From the BYU Jerusalem Center, President Nelson and Elder Holland continued with plans and addressed more than 300 Church members and BYU students gathered for the Jerusalem District Conference. The men spoke in the priesthood and general sessions; Sister Nelson and Sister Holland addressed a women's session and also spoke during the general session.

Due to rapidly diminishing available airspace, the group determined to forgo visits to the Western Wall, the Garden Tomb, and the Sea of Galilee. President Nelson left Jerusalem with plans to commence the Africa portion of his tour sooner than expected. (See related story.)

Students at the Church’s BYU Jerusalem Center, who were excited to welcome a prophet to the eight-level building set on five acres on Mount Scopus—and more excited at the anticipation to sit at his feet on the shore of the Sea of Galilee—spoke little about the conflict or the change in President Nelson’s schedule. They will remain at the center and continue their studies.

President Russell M. Nelson speaks during the Jerusalem District Conference at the BYU Jerusalem Center. Photo by Jeffrey D. Allred, Deseret News.

Holly Castleton, 22, a BYU Jerusalem Center student from Mesa, Arizona, said she finds great significance in the fact that President Nelson came to this place that is “so familiar” to the Savior. “President Nelson is the mouthpiece of the Lord,” and this is the place “where it all started,” she said.

Cassidy Heaton, 24, a BYU Jerusalem Center student from Ogden, Utah, called it historic to have President Nelson and Elder Holland in the Holy Land.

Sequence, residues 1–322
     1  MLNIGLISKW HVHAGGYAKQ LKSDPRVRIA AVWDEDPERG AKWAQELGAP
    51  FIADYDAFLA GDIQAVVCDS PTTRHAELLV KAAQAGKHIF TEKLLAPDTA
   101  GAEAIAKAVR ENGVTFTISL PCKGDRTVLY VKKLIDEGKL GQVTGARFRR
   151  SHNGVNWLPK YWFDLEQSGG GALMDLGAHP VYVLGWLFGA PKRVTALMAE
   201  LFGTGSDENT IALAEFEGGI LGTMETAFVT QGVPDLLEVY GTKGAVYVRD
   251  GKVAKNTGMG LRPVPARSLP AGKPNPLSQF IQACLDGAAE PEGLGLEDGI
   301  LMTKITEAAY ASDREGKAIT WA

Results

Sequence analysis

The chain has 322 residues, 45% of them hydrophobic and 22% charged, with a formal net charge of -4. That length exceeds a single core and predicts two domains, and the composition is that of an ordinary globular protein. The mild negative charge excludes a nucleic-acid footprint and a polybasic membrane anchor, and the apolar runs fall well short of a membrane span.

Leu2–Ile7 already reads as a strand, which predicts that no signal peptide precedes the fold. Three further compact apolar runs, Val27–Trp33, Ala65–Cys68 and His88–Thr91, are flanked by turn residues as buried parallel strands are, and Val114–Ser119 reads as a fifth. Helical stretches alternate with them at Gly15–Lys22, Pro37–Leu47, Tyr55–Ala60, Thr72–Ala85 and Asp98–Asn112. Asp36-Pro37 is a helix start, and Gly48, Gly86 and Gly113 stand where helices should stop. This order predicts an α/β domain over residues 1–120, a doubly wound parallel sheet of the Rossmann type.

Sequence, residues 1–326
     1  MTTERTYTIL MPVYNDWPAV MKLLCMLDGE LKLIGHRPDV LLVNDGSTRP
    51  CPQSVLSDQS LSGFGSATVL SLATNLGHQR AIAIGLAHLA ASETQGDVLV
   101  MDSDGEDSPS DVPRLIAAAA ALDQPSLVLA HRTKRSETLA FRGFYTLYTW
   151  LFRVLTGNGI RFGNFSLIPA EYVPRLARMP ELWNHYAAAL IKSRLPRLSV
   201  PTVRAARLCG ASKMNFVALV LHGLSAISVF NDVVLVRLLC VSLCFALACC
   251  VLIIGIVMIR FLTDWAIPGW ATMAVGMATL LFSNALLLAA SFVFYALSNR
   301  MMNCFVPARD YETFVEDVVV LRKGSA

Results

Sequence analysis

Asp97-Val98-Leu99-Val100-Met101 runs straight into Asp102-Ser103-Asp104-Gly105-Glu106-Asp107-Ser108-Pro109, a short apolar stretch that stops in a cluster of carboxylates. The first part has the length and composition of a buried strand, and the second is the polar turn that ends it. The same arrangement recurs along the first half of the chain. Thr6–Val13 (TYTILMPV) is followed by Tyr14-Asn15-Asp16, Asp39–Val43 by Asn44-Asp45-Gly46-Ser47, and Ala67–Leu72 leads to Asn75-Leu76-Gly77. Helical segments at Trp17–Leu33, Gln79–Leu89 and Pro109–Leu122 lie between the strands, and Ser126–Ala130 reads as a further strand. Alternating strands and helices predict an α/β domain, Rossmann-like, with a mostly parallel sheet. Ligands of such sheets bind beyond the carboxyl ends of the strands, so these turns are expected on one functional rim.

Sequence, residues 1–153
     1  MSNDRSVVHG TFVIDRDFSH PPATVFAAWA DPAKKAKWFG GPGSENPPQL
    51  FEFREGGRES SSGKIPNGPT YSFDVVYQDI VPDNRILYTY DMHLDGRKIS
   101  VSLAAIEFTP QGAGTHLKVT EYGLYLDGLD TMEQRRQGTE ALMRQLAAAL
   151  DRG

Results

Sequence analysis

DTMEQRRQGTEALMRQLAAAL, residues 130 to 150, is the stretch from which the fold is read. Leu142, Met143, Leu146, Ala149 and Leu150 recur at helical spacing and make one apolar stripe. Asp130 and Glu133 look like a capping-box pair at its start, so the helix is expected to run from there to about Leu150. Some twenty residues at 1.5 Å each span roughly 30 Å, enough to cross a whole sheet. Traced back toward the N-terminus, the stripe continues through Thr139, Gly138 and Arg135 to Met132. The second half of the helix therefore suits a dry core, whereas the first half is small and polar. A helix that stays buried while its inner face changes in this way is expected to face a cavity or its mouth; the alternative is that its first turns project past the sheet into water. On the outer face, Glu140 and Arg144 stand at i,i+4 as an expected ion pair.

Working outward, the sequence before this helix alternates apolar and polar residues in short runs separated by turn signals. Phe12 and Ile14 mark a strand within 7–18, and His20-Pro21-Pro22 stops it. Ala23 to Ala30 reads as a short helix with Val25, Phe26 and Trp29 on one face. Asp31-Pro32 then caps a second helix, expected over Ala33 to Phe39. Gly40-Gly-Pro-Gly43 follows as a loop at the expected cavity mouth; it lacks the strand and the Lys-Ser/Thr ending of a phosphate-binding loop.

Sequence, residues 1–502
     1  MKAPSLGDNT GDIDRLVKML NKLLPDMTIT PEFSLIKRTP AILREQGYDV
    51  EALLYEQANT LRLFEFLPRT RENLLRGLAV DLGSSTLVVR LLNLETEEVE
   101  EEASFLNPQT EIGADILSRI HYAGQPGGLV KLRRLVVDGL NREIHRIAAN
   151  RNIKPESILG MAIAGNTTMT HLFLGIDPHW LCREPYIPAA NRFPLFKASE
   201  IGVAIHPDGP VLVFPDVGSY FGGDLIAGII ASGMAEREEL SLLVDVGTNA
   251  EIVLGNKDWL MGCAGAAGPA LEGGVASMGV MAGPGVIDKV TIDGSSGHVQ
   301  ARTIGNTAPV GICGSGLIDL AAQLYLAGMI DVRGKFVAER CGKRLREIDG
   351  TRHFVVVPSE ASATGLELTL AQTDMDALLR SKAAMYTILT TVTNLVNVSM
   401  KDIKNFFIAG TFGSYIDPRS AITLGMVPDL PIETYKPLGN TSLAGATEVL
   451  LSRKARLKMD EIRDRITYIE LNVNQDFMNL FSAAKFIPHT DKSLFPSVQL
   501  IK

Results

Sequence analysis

“This is where it all happened. The most important person to ever live on the earth … lived here and died here and was resurrected here,” she said. While he did not preach from the Sea of Galilee, President Nelson continues Jesus Christ’s ministry in the Holy City, she said.

Cassidy Heaton and Chelsea Neubert, students at the BYU Jerusalem Center, look over the view of the Old City in Jerusalem. Photo by Jeffrey D. Allred, Deseret News.

Elder Holland first visited Jerusalem in 1972 and has returned so many times since that Jerusalem “now feels like home” because “the rich, powerful influence of this land is palpable.” He said the Church would never put President Nelson, those traveling with him, or students at the BYU Jerusalem Center at risk.

“We face this week what we have faced many, many times here, some difficulty in the region,” he added. “We are always very, very conservative. We are very safe.”

Jerusalem is a city brimming with hurried activity. The market in the Old City smells of fresh bread and za’atar, a fragrant seasoning made of sesame seeds, thyme, salt and sumac. Women sit on ancient cobblestone streets and sell grape leaves, sage, and parsley.

The city bustles as some answer the “Call to Prayer” and others follow the “Stations of the Cross.” Many here begin their day praying and touching the sacred Western Wall, while thousands more visit the Temple Mount, Dome of the Rock, or the Church of the Holy Sepulchre.

The walls surrounding the Old City were built almost 500 years ago, yet the markets inside those walls also bear the signs of a modern era, including air conditioning ductwork and armed guards.

Elder Holland said President Nelson “decisively and instantly” determined that his first major gesture beyond LDS Church headquarters would be a visit to Jerusalem.